(Bloomberg) -- South African business confidence has declined to levels last seen when Jacob Zuma was still the president.
The index dropped to 96 in April from 97.6 the previous month, the South African Chamber of Commerce and Industry said in an emailed statement Wednesday. That’s the lowest since November. Five of the 13 sub-indexes that make up the gauge declined from month earlier.
Business confidence reached a more than two-year high in January as Cyril Ramaphosa’s ascent to power initially boosted sentiment and the rand following Zuma’s scandal-ridden tenure of almost nine years. The currency has now lost 4 percent against the dollar since reaching a three-year high in February after Ramaphosa changed the cabinet and removed some ministers seen as loyal to Zuma and who are implicated in graft allegations.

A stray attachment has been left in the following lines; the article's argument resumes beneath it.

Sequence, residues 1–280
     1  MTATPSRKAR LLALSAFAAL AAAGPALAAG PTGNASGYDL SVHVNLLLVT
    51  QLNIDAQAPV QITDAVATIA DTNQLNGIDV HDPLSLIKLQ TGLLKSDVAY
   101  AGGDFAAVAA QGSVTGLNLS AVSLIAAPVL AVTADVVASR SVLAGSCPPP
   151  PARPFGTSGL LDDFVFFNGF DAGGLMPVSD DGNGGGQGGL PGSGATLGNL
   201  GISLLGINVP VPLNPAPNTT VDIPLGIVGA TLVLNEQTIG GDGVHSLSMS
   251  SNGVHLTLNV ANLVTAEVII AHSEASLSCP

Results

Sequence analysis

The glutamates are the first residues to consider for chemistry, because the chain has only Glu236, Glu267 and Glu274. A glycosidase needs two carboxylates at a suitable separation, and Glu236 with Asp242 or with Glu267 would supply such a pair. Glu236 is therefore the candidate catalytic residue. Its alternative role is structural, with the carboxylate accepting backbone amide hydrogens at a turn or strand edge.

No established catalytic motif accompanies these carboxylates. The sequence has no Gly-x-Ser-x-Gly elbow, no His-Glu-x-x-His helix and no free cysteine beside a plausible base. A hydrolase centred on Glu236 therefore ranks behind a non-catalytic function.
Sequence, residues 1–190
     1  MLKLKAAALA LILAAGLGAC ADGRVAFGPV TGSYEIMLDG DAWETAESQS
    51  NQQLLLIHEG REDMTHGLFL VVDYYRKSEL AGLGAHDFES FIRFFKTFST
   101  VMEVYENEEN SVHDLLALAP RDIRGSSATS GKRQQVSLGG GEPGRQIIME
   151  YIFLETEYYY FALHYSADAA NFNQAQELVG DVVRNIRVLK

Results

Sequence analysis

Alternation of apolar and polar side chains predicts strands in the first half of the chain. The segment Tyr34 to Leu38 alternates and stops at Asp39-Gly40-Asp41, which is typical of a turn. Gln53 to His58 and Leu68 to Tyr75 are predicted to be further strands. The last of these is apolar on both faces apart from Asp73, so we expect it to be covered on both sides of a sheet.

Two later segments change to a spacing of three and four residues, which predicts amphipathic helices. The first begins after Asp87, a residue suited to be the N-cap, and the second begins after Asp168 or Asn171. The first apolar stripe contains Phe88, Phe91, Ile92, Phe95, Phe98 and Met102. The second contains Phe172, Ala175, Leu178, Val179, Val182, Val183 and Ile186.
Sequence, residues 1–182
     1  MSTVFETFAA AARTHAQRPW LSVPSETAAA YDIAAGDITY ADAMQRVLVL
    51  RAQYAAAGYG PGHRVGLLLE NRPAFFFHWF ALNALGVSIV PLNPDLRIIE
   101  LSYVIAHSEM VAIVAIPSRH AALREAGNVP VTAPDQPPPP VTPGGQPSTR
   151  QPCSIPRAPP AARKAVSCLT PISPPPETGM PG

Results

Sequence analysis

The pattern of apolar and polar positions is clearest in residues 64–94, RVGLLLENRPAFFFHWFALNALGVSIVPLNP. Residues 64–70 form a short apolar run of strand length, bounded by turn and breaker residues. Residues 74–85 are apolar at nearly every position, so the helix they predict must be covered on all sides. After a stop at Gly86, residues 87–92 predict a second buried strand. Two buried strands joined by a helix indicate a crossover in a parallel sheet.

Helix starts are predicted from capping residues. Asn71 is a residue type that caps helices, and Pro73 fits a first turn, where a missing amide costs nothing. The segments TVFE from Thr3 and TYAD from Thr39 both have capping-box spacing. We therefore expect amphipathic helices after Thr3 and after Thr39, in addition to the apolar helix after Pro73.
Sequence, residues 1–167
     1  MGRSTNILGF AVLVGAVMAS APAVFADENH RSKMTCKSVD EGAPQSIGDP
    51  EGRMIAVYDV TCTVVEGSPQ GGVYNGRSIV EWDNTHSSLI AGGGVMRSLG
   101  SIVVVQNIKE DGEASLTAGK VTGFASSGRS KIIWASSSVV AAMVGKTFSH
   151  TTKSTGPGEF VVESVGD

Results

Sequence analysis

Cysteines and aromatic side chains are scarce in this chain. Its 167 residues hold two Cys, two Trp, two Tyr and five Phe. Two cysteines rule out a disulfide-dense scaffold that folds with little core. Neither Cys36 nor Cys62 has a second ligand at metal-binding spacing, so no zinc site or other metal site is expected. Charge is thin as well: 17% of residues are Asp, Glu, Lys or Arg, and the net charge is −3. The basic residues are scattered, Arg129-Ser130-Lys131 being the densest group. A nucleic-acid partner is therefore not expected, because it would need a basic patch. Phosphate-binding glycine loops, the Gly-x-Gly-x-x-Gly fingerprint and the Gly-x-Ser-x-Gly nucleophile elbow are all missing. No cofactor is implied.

South Africa’s credit ratings were cut to junk last year and the economy hasn’t expanded at more than 2 percent since 2013.
“To some extent ‘Ramaphoria’ has maybe been overdone,” said Jeffrey Schultz, an economist at BNP Paribas in Johannesburg, “The bottom line is that the growth outlook this year is certainly going to be a fair bit better than what we’ve seen over the last three to four years in South Africa.”
Ramaphosa has pledged to revive the economy and fight corruption. He has overhauled the board of the state-owned utility Eskom Holdings SOC Ltd. and removed the head of the nation’s revenue service, Tom Moyane.
The nation’s leadership “has a mammoth task to restore the South African economy to its full potential that was rudely interrupted over the last number of years,” the chamber said. While steps to address maladministration and corruption has been incisive “a simultaneous phase of the restoration process has to address the revival of economic growth and employment opportunities,” it said.
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